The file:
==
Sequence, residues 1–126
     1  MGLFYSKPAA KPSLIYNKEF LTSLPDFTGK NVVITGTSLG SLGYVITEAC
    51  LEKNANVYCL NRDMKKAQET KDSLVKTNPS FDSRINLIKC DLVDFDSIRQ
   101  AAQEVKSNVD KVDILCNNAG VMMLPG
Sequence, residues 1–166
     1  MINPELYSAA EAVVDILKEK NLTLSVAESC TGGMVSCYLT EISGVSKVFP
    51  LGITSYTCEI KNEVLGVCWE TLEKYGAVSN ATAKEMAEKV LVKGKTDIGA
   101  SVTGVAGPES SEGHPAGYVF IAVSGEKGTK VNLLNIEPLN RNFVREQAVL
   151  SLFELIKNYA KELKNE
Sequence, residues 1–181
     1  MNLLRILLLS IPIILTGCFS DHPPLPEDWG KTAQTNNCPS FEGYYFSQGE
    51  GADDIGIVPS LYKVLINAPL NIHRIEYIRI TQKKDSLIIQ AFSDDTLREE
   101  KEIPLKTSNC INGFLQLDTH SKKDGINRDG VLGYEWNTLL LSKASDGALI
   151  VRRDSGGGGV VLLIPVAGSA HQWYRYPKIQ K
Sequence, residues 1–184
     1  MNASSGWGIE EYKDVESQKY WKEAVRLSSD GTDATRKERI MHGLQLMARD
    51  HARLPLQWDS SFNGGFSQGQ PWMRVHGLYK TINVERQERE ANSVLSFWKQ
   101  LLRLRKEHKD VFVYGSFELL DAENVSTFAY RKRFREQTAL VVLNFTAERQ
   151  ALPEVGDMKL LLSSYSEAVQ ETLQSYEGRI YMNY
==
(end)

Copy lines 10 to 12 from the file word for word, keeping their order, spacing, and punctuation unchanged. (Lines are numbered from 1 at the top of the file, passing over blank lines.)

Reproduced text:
Sequence, residues 1–181
     1  MNLLRILLLS IPIILTGCFS DHPPLPEDWG KTAQTNNCPS FEGYYFSQGE
    51  GADDIGIVPS LYKVLINAPL NIHRIEYIRI TQKKDSLIIQ AFSDDTLREE